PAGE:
Soon, we would see many rockstars follow in Bowie’s footsteps, embracing their sexualities and challenging gender norms in their own unique way. In 1973, a new band came into the spotlight releasing their first self-titled album: Queen. The band’s lead singer, Freddie Mercury, was already a very different face for Rock n’ Roll at the time being a man of Indian Parsi descent. Fortunately, he never had any interest in blending into the crowd. From his taste in fashion to his powerful, one-of-a-kind voice and presence onstage, Freddie Mercury would eventually become one of the greatest showmen in history.
In the mid to late 1970s, Mercury embraced the tail end of the Glam Rock era through creating his own androgynous look after the release of Queen’s album A Night at the Opera. By this time, dark makeup and colorful garments had made their way into more men’s wardrobes, so Mercury had to do a bit more to truly stand out from other artists. Luckily, Freddie Mercury just being himself was enough. Mercury was fascinated by femininity and incorporated many aspects of its nature into performances. He was heavily inspired by the fashion of the Elizabethan era when it was common for men to accentuate their narrow waists and long legs. Freddie also loved the Ballet and pursued the use of tights and leotards in performances to give him the mobility to move however he desired onstage. Mercury gave us many iconic Glam Rock looks that are still talked about today from his white angel sleeve outfit in 1974 to his black and white harlequin bodysuit in 1977. Mercury knew how to embrace his brilliance in every form and had no shame in doing so.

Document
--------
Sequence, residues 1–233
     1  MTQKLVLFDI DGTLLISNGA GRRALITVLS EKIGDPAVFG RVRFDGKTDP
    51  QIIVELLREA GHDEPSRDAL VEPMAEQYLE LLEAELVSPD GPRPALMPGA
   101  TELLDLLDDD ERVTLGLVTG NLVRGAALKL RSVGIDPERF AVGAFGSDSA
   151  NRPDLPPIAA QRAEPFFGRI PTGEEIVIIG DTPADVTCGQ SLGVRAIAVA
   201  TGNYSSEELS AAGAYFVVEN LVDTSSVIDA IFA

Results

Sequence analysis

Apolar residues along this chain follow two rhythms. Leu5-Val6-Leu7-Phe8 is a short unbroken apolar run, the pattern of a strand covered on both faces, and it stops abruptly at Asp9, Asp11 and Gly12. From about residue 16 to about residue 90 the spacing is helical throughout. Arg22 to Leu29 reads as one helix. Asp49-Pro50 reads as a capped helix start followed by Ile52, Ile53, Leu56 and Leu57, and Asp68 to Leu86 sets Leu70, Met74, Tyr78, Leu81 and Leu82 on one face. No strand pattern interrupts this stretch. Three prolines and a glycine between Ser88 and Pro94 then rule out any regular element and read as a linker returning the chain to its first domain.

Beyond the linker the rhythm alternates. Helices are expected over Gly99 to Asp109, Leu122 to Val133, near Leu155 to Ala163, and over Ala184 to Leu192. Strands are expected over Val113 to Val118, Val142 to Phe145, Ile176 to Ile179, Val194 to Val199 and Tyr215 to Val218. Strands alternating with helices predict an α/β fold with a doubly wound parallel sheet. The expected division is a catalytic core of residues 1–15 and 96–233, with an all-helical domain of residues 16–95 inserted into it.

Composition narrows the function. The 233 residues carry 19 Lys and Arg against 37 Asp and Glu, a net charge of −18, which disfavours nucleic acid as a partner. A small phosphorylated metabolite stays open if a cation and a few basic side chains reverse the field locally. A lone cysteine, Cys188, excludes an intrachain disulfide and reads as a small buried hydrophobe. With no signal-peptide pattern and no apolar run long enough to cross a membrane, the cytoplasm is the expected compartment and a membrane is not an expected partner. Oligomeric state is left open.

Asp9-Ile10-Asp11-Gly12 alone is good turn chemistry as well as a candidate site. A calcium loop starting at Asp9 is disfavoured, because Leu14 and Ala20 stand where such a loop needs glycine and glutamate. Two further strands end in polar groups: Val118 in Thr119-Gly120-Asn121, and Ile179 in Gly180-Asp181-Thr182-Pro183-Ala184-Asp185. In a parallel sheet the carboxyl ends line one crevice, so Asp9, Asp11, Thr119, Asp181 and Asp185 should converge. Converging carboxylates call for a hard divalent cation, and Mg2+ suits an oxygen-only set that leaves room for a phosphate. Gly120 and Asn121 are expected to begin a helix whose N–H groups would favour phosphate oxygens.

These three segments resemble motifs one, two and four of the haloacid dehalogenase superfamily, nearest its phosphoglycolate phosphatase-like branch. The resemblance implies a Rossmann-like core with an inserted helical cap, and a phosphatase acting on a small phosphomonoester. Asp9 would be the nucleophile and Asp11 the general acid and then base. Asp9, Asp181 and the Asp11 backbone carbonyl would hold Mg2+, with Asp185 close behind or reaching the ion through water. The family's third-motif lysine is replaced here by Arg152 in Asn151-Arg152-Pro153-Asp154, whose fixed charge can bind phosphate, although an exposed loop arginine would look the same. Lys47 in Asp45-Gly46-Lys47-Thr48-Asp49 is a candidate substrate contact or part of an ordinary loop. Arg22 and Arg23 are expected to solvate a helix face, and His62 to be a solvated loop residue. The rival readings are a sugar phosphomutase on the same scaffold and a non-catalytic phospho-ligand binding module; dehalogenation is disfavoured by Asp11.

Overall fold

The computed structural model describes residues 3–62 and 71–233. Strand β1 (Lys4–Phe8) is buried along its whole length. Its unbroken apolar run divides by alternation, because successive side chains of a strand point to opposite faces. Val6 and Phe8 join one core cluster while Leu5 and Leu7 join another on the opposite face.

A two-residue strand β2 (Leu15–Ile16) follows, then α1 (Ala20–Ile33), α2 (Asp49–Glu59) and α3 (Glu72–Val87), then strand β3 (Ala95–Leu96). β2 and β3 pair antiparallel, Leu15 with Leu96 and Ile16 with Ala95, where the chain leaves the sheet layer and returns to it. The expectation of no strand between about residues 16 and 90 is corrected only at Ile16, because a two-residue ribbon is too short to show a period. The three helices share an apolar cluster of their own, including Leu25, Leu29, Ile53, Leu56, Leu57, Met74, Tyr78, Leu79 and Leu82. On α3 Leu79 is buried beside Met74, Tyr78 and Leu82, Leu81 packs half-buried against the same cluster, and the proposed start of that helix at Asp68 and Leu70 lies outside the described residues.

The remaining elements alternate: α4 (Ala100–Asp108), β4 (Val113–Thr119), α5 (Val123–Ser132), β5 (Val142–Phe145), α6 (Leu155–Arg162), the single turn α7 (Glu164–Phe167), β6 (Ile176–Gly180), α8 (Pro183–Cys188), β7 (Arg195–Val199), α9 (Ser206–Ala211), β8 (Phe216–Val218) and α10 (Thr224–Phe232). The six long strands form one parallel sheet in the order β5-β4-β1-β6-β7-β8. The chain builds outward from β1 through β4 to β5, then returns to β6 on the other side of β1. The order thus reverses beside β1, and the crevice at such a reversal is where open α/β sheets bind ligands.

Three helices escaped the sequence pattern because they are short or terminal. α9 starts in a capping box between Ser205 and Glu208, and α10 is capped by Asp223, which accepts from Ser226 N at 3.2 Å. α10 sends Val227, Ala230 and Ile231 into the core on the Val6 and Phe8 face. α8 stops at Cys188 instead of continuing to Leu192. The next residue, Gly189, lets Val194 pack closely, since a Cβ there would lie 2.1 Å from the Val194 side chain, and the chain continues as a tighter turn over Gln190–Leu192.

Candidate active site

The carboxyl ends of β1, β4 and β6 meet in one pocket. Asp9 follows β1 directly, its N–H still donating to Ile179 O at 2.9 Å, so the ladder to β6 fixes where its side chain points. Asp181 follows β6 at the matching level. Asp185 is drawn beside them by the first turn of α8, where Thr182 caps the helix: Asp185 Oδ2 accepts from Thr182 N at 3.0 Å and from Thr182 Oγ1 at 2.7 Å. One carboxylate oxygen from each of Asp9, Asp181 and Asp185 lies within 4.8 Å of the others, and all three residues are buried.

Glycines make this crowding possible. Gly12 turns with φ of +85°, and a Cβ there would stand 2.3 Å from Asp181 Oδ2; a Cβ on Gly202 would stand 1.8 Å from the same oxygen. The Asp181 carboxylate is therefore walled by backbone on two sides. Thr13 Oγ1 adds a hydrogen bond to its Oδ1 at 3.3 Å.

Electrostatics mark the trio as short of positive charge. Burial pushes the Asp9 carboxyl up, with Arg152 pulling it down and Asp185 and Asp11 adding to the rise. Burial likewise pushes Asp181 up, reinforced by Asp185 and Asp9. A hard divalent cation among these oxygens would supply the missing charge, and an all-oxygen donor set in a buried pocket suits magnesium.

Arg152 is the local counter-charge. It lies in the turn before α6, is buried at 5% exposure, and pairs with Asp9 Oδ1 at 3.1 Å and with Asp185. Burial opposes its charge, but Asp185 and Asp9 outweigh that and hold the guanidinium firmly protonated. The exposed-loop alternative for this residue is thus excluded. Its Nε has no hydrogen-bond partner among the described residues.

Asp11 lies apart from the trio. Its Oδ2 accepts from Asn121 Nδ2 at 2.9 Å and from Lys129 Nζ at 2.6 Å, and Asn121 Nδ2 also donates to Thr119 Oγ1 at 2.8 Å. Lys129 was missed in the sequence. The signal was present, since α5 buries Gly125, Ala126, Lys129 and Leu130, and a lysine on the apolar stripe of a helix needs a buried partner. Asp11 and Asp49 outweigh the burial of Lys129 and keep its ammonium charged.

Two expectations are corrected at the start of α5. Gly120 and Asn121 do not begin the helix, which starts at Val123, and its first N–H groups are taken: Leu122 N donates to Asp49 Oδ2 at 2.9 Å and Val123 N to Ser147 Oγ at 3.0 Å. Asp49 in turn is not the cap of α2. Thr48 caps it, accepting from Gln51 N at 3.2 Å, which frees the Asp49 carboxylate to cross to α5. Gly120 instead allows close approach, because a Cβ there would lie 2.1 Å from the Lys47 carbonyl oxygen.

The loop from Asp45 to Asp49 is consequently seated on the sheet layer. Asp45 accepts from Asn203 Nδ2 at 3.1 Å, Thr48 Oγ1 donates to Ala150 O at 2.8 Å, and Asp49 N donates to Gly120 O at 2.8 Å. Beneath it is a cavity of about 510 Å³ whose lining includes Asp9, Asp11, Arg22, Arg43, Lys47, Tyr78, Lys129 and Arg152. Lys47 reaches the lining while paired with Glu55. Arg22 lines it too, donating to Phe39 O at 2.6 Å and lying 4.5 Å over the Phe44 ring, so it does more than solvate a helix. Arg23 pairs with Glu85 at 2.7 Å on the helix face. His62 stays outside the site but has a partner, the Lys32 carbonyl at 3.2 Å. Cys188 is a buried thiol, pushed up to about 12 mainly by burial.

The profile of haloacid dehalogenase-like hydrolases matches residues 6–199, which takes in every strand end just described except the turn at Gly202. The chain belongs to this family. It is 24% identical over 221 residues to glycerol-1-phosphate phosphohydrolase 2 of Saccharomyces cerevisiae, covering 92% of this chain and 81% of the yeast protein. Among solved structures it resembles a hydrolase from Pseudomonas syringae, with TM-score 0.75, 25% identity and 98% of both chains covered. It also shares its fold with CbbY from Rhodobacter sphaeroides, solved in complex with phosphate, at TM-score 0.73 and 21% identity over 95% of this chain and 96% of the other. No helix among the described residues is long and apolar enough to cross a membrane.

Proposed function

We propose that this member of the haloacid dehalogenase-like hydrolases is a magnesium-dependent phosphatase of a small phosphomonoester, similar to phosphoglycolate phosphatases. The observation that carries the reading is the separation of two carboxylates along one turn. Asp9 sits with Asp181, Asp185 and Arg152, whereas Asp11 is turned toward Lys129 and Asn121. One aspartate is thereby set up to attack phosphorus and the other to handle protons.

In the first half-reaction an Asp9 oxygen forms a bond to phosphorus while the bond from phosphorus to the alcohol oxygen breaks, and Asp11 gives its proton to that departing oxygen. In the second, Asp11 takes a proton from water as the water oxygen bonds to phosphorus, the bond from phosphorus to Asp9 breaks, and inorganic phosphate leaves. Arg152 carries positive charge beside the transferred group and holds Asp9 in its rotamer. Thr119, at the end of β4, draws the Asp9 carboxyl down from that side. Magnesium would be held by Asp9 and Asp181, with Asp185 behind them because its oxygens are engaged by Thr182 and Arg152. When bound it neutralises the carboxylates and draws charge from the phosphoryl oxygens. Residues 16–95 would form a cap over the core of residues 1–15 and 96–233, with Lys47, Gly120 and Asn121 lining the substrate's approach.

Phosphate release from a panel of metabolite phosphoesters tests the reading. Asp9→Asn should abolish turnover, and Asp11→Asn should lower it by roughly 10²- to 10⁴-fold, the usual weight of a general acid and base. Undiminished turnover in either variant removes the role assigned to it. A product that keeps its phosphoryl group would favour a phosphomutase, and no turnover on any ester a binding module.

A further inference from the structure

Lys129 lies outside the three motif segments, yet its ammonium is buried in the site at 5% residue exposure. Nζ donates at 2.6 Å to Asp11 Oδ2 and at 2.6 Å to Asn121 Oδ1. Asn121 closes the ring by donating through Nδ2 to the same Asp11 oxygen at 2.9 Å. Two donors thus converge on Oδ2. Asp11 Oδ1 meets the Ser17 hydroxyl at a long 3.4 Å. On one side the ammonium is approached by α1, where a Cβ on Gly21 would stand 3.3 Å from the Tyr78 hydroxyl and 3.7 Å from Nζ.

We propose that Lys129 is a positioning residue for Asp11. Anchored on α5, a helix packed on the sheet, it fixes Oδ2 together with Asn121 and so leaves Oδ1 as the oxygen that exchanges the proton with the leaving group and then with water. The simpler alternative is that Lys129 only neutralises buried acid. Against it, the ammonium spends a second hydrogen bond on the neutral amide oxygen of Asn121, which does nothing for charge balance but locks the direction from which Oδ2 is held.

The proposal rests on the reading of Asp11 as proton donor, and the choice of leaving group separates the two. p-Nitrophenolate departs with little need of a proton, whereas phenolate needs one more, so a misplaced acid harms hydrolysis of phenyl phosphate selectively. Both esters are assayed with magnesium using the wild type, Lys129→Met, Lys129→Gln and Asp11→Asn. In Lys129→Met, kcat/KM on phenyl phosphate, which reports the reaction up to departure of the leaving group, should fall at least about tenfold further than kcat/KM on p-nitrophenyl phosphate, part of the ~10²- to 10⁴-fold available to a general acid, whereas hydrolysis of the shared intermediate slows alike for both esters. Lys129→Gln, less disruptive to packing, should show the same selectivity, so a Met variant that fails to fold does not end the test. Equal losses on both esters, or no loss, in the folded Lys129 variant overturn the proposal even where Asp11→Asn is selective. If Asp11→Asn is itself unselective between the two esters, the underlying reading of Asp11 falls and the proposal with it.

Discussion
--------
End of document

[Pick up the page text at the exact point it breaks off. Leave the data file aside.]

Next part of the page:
Of course, the men were not the only ones with a newfound freedom in gender expression. During her time in The Runaways, Joan Jett really began to find her style in the Glam Rock scene. She was able to embrace her own rocker style starting in the late ‘70s, which people at the time judged for being too masculine for a woman. Jett proved to the world that women can love jamming out and getting sweaty to some Rock n’ Roll music just as much as anyone else. Jett’s gritty style consists primarily of black clothing as the base with lots of accessories and the occasional pop of color, typically being red or pink. These accessories can include jewelry, bandanas, chains, studs, sparkles, and more. This ensemble paired with her black shag and heavy eye makeup complete the now classic rocker chick look coined by Joan Jett.
There are numerous amazing Rock n’ Roll artists who challenged gender expectations through exploring their style. We still see this is very common in today’s music with artists like Harry Styles, Adam Lambert, Miley Cyrus, Lady Gaga, and more pulling
inspirations from these 70s artists. In today’s world, there is less of a stigma surrounding the way we each individually express our gender, and is much more normalized and accepted for music artists to explore these things. Artists who gained popularity in the 1970s like David Bowie, Freddie Mercury, and Joan Jett are just a few that contributed to this gender and sexuality-exploring movement in Rock n’ Roll. Some honorable mentions include Elton John, Todd Rundgren, Jimi Hendrix, Prince, Steven Tyler, Alice Cooper, Edgar Winter and many more! All of these artists, whether passed on or still alive and rockin’, inspire us today to be ourselves and embrace our unique qualities without shame. Thank you Rock n’ Roll!
Written by Miranda Kanowsky